The London Library

The London Library is a home for book lovers with one million books to borrow and a central London sanctuary for readers and writers. Anyone can join from under £23 per month.  

With access to over a million books and periodicals, a superb online offering and an unforgettable building in beautiful St. James's Square, The London Library is a magical place that has been at the heart of literature for over 175 years.

Founded in 1841 we are the world’s largest independent lending library - a place of creativity and curiosity, where we seek to inspire and support readers, writers and scholars of all kinds. Today, 6,500 members of all ages and backgrounds, including some of the most familiar names in the literary world, find the Library’s resources invaluable. 

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We have been looking at summers past – mining the borrowing records to compile the list of July and August’s 20 most borrowed books (Fiction and non-Fiction) over the past ten years.

Here's what we found:


Wolf Hall, Hilary Mantel (London: Fourth Estate, 2009)

Journey Into Fear, Eric Ambler (London: Hodder and Stoughton, 1940)

Mrs Palfrey at the Claremont, Elizabeth Taylor (London: Chatto & Windus, 1971)

The Siege of Krishnapur: a novel, J.G. Farrell (London: Weidenfeld and Nicolson, 1973)

A Sport and a Pastime, James Salter (New York: Modern Library, 1995)

The Mandelbaum Gate, Muriel Spark (London: Macmillan, 1965)

An Officer and a Spy, Robert Harris (London: Hutchinson, 2013)

Stoner, John Williams; with an introduction by John McGahern (London: Vintage Books, 2003)

The Stranger's Child, Alan Hollinghurst (London: Picador, 2011)

Nocturnes: Five Stories of Music and Nightfall, Kazuo Ishiguro (London: Faber, 2009)

Scoop: A Novel, Evelyn Waugh (London: Eyre Methuen, 1978)

Orlando: A Biography, Virginia Woolf (London: Leonard and Virginia Woolf at the Hogarth Press, 1928)

The Wedding Group, Elizabeth Taylor (London: Chatto & Windus, 1968)

The Radetzky March, Joseph Roth; translated by Eva Tucker (Harmondsworth : Penguin, 1984)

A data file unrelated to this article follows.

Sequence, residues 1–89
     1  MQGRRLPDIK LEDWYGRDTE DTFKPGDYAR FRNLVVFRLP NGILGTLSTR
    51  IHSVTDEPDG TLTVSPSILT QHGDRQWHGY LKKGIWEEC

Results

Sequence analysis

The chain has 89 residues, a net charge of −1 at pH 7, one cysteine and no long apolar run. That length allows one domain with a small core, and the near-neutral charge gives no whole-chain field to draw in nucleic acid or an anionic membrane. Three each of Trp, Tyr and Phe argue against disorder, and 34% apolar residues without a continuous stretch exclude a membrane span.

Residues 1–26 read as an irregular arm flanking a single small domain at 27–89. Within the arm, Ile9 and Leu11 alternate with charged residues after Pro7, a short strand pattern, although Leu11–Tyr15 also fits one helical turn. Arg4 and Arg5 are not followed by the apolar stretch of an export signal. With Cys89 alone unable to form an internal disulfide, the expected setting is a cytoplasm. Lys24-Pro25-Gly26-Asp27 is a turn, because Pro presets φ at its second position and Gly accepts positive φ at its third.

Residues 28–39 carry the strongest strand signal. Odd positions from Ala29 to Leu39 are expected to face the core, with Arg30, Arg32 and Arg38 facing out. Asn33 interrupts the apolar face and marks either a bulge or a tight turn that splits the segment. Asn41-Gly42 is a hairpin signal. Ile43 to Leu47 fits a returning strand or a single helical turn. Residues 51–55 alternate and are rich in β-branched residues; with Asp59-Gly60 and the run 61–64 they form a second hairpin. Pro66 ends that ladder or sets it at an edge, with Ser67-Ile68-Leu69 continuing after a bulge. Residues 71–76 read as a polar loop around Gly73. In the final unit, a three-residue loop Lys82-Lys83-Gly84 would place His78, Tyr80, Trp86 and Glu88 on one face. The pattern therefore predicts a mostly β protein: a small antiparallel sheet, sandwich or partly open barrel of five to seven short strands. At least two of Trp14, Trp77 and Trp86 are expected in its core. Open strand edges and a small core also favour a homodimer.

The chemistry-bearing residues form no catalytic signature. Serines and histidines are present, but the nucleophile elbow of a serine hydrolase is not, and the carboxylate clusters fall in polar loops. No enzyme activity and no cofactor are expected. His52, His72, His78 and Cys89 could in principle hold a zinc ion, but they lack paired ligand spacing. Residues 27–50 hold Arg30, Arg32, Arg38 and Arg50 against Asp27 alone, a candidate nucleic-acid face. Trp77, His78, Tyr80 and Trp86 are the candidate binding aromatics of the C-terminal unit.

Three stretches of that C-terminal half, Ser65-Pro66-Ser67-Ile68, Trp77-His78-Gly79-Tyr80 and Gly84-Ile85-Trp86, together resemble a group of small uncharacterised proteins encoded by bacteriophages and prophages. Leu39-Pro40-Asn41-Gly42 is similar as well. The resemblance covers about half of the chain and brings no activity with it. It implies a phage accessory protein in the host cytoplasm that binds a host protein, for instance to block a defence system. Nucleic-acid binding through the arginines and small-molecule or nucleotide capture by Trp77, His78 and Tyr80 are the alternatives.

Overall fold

The Buried Giant, Kazuo Ishiguro (London: Faber & Faber, 2015)

The Green Hat: a romance for a few people, Michael Arlen (London: Collins, [1924])

Atlas Shrugged, Ayn Rand (New York: Signet, c1992)

The Bell Jar, Sylvia Plath (London: Faber, 1996)

Excellent Women, Barbara Pym (London: Cape, 1952)

Some Hope, Edward St. Aubyn (London: Heinemann, 1994)


Iron Kingdom: The Rise and Downfall of Prussia, 1600-1947, Christopher Clark (London: Allen Lane, 2006)

Cairo in the War, 1939-1945, Artemis Cooper (London: Hamish Hamilton, 1989)

The Long Weekend: life in the English Country House between the wars, Adrian Tinniswood (London: Jonathan Cape, 2016)

Between the Woods and the Water: on foot to Constantinople, Patrick Leigh Fermor (London: John Murray, 1986)

A Time of Gifts: on foot to Constantinople: (London: John Murray, 1977)

East West Street: on the origins of genocide and crimes against humanity, Philippe Sands (London: Weidenfeld & Nicolson, 2016)

Outsider: always almost: never quite: an autobiography, Brian Sewell (London: Quartet, 2011)

The Wartime Journals, Hugh Trevor-Roper; edited by Richard Davenport-Hines (London: I. B. Tauris, 2012)

Vanished Kingdoms: the history of half-forgotten Europe, Norman Davies (London: Allen Lane, 2011)

Hugh Trevor-Roper: the biography, Adam Sisman (London: Weidenfeld & Nicolson, 2010)

Bloody Victory: the sacrifice on the Somme and the making of the twentieth century, William Philpott (London: Little, Brown, 2009)

A View from the Foothills: the diaries of Chris Mullin, Chris Mullins, edited by Ruth Winstone (London: Profile Books, 2009)

The Fall of Rome; and the end of civilization, Bryan Ward-Perkins (Oxford: Oxford University Press, 2005)

The last Bourbons of Naples: (1825-1861), Harold Acton (London: Methuen, 1961)

Religion and the Decline of Magic: studies in popular beliefs in sixteenth and seventeenth century England, Keith Thomas (London: Weidenfeld and Nicolson, 1971)

Gladstone, Roy Jenkins (London: Macmillan, 1995)